Matthew Atkinson’s weird comedy features Brett Gelman and Mark Little as two grown men acting like children
ROOM FOR RENT (Matthew Atkinson). 89 minutes. Opens Friday (October 26). See listing. Rating: NNN
If you know Brett Gelman and Mark Little, you probably don’t need any more convincing to see Room For Rent, the very weird little movie that stars the two comic MVPs.
If you don’t know them, Gelman is the tall, balding creep from shows like Love, Married and the second season of Stranger Things while Little is the tall, not-balding goof from shows like Mr. D and Space Riders: Division Earth. (You should know them. They’re each kind of brilliant, in their own way.)
Anyway, Room For Rent – which is written and directed by Matthew Atkinson – puts Gelman and Little together for a comedy about two grown men acting like children, to which both actors are very well suited.
Little stars as Mitch, who won the lottery as a teenager and blew it all in the decade and a half that followed, ending up a 32-year-old afraid to leave his parents’ house. When Mitch’s dad (Mark McKinney) is laid off, Mitch convinces him to take in a lodger… which brings Gelman’s Carl into the house.
Mitch takes an instant dislike to him, of course, even though he can’t convince anyone else that the new guy poses some sort of threat. And that’s the engine that drives writer/director Atkinson’s comedy of discomfort, with the immature Mitch determined to oust the unshakable Carl – and Carl gradually turning Mitch’s parents against their idiot son.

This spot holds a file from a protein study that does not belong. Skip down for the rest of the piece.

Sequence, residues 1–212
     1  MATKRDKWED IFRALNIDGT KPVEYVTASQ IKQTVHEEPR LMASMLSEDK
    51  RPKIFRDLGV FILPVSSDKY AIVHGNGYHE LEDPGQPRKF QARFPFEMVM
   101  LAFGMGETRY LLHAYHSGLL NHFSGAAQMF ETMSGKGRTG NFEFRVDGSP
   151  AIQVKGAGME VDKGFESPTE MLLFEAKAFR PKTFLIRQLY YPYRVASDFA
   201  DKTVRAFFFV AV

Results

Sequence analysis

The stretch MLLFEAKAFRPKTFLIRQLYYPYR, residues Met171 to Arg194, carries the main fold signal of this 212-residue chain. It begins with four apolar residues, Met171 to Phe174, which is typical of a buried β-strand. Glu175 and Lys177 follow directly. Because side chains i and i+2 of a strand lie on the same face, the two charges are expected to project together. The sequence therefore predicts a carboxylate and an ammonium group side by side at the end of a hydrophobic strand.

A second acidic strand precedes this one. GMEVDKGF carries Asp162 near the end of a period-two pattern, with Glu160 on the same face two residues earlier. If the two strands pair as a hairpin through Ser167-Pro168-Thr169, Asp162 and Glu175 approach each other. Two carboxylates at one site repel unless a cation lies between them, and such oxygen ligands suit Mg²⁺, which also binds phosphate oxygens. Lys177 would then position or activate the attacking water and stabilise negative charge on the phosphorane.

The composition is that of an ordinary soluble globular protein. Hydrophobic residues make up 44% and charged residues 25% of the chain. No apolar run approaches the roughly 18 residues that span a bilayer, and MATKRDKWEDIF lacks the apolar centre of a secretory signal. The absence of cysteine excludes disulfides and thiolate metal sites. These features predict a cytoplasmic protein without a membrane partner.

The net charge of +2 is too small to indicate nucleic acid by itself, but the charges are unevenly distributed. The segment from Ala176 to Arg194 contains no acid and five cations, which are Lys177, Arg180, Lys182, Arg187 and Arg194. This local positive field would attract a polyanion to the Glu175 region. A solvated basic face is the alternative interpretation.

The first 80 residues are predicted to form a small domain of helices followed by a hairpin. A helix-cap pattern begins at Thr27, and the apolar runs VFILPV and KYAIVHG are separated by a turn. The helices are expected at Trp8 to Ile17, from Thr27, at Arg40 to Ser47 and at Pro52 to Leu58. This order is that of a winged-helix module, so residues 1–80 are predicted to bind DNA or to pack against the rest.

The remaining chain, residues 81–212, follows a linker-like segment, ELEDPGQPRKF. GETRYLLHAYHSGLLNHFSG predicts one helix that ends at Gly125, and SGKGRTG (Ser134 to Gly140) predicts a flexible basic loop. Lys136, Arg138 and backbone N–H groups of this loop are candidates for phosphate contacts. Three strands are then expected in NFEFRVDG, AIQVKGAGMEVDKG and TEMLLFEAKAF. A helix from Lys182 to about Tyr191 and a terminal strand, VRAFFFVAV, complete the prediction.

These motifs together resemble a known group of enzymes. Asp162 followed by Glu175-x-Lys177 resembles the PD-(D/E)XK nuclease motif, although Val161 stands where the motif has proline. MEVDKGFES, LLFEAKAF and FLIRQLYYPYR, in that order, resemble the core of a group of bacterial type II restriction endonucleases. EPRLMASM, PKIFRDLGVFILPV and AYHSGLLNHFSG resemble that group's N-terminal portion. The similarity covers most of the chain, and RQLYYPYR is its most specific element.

It’s a delight to see Little’s nervous fragility bounce off Gelman’s unctuous composure in scene after scene, though I do worry that people who don’t know their previous work might just get tired of watching these weirdos yelling at one another. And Atkinson’s script does kind of stall out once all the hidden agendas are revealed, though Room For Rent does find its second wind just in time for the finale.
Also delightful: Carla Gallo and Patrick J. Adams, who turn up as schoolmates of Mitch’s who’ve taken very different paths in life. Oh, and Stephnie Weir adds some texture as Mitch’s increasingly exasperated mom. But let’s not kid ourselves: this is Little and Gelman’s picture all the way.
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